In the recent lease renewal decision of Britel Fund Trustees Ltd v B&Q plc  the court considered the various factors that had to be taken into account when determining the rent pursuant to s34 of the Landlord and Tenant Act 1954 (the “Act”).
The case concerned a lease renewal of a 37,000 square foot purpose built DIY warehouse in Tottenham Hale Retail Park, London. The parties had agreed all the terms for the new lease except for the rent, including, importantly, the insertion of an early mutual rolling break on or after 30 June 2018 (on six months’ notice).
The passing rent was £776,139 per annum. The landlord and tenant differed dramatically as to what should be the new level of rent. The landlord’s expert considered the market rent to be £698,500 per annum, whereas the tenant’s expert was of the view that it should be £281,000.
The court had two main issues to consider in order to determine the rent correctly:
- Should allowance be made for a three month so called ‘Rental Holiday’?
- What impact would the early mutual break option have on the level of open market rent?
Should allowance be made for a three month so called ‘Rental Holiday’?
Noting the conflicting County Court decisions in relation to rent free periods, His Honour Judge John Mitchell ruled that, as the rent was being ascertained for a lease to be taken by a prospective lessee who was not already in occupation, it followed that there must be an element of logic when determining the benefit of a rent free period.
The Judge was satisfied that any retailer who operated out of premises such as this would require a fit out period in order to trade, and so, in the absence of special circumstances, a rent free holiday of three months would be granted.
The Judge then determined that it would be logical to apply the three month rent free period over the entirety of the term (120 months), meaning a rental discount of 2.5 per cent over the term of the renewal lease.
What impact would the early mutual break option have on the level of open market rent?
The parties agreed that the early mutual break clause significantly complicated the determination of the open market rent. There were also several other factors put forward by the experts which would have an effect but are not discussed in this article.
The approach initially agreed between the parties’ experts was that the market rent would be agreed, with a discount then applied to take into account the mutual break clause. The landlord’s expert argued for a discount of 10 per cent in the rent, the tenant’s expert believed the appropriate amount to be a 50 per cent deduction.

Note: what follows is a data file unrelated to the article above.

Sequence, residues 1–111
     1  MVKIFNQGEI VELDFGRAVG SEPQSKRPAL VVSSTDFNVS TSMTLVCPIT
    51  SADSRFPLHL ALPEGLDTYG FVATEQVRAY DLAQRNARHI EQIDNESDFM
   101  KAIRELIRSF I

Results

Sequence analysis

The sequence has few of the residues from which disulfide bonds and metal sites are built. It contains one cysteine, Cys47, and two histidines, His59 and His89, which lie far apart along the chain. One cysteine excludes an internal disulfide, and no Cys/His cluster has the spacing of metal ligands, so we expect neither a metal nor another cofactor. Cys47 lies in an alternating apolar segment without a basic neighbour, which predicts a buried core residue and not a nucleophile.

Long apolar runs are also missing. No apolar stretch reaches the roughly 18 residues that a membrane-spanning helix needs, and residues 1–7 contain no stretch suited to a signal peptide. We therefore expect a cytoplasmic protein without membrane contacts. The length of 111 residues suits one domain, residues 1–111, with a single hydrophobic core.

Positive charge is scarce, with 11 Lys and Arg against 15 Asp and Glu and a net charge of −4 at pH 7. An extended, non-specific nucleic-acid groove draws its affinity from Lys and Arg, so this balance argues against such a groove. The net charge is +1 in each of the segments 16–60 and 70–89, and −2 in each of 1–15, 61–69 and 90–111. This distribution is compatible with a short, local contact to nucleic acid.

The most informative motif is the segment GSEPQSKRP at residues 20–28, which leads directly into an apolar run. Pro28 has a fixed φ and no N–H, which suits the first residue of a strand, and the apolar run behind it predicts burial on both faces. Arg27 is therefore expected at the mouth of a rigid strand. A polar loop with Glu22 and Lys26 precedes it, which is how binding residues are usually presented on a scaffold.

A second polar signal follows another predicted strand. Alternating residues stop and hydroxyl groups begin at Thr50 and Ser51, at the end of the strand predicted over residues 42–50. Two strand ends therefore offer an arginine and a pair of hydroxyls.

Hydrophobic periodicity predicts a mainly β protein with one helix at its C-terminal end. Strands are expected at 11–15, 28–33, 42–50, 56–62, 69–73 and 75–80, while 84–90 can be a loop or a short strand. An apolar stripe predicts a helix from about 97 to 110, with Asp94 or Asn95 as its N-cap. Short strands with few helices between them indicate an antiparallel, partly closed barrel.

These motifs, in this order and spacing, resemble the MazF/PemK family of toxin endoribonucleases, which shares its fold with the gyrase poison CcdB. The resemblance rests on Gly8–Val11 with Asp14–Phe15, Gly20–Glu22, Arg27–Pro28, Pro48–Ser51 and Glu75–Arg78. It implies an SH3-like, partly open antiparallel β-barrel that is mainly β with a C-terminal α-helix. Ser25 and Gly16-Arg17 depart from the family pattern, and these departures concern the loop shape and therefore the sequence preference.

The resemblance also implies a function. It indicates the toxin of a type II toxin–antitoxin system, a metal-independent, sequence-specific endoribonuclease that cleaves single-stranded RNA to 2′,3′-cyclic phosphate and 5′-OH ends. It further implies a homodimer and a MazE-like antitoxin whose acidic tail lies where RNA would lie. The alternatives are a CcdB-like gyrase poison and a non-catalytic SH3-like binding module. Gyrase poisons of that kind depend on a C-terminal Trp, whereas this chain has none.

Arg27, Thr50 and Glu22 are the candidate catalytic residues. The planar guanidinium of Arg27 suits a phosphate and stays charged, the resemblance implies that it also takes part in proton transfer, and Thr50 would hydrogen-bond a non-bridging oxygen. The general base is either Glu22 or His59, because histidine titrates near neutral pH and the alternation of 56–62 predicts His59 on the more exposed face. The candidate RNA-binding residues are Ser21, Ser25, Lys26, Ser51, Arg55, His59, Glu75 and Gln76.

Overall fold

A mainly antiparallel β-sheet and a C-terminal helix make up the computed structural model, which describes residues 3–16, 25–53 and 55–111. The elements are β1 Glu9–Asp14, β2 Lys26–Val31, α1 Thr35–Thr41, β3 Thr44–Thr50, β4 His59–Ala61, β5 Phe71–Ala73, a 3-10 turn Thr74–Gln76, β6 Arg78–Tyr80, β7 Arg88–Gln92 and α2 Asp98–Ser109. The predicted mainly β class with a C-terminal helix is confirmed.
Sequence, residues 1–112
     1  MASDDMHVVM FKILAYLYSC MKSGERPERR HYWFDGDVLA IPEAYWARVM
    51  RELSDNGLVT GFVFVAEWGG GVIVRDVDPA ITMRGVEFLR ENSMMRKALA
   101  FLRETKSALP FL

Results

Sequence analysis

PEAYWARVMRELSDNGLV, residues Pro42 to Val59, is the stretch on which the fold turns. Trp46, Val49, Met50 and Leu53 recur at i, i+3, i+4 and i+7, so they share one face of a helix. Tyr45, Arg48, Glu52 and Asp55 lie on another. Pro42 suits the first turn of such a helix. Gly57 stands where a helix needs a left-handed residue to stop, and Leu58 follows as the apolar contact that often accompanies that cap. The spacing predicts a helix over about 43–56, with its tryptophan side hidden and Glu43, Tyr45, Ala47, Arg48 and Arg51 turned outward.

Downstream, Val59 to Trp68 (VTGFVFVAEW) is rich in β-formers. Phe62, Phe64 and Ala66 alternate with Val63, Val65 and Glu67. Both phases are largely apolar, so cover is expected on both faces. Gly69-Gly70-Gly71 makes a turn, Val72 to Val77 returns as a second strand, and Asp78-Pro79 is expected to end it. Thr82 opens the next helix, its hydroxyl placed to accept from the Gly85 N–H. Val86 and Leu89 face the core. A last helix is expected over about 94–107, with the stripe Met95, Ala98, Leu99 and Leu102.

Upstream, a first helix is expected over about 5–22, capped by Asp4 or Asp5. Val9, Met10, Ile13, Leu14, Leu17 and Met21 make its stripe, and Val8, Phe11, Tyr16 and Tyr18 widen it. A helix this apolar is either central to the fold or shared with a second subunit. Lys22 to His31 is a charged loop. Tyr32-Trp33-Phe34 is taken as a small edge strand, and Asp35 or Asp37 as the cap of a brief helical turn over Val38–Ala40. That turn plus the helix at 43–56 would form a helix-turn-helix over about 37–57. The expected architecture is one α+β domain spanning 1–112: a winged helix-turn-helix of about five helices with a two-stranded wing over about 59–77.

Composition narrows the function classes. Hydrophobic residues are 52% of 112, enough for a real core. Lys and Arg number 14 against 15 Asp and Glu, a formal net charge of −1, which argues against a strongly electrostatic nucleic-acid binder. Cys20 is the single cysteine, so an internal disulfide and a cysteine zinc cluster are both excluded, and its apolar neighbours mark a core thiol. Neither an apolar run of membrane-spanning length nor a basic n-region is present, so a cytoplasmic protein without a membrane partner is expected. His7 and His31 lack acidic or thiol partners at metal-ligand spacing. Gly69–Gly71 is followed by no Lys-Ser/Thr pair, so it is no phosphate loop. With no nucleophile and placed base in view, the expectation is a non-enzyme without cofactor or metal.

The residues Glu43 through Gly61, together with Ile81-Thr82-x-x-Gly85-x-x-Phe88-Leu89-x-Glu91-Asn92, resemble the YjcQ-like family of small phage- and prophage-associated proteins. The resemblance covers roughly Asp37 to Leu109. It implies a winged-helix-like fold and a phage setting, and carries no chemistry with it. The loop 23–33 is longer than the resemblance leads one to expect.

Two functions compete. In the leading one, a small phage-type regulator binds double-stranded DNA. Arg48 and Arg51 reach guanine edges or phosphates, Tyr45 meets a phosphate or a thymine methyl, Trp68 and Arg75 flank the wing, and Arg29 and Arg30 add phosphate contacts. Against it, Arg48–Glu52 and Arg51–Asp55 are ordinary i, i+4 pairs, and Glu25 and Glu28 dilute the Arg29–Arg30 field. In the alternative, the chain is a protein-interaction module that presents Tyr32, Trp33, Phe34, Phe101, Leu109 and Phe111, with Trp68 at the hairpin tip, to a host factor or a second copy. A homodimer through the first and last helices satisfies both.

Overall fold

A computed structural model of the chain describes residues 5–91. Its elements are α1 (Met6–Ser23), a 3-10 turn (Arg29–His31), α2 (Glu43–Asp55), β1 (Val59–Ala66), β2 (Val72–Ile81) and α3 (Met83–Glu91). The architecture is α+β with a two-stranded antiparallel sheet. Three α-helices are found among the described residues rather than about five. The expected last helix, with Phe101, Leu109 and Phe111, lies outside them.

This approach was deemed artificial and dropped during the trial as both sides conceded that no DIY retailer would take a lease with such an early break clause, especially when the costs of fitting out and the potential length of the lease before the break was operated (2.5 years only) were taken into account. Instead, the approach adopted by the court was that the most likely tenant for a lease with the proposed mutual break option would be a discounter, a company that was willing to trade for a short term and carry out a cheap fitting/ stripping out. Therefore a discounter would be used as the hypothetical tenant in this instance.
The court held that the market rent payable by a DIY retailer was £603,100 per annum, and for a discounter £466,940 per annum. The appropriate discount in light of the mutual break clause would be 22.5 per cent for a DIY retailer and 20 per cent for a discounter.
Both valuers agreed that if another DIY retailer was looking for premises, they would not take the property with the break clause. Therefore the court accepted that the hypothetical tenant would be a discounter, and found the rent to be £373,700 per annum (£10.10 per square foot).
Key points to note
- As this is a County Court decision, it will not be binding on other County Courts (or any superior court). That said, it is a reasoned judgment that adopts a logical approach to the implementation of s34 of the Act and so may be judged to be of “persuasive” value in decisions going forward.
- The court has the power to, and is likely to, address market rent to take into account any rent free period. Accurate comparables are also very important.
- Each case will turn on its own facts, however, it is clear from this judgment that an early mutual break clause will have an impact on the market rent. The court’s approach to a hypothetical tenant should also be noted, as the court decided that the hypothetical tenant originally considered by the experts (a DIY retailer), would not be a “willing” tenant of a lease with such an early mutual break clause.
The judgment provides a useful analysis of the factors to be considered and suggests adjustments to be take into account when the court is left to determine the market rent.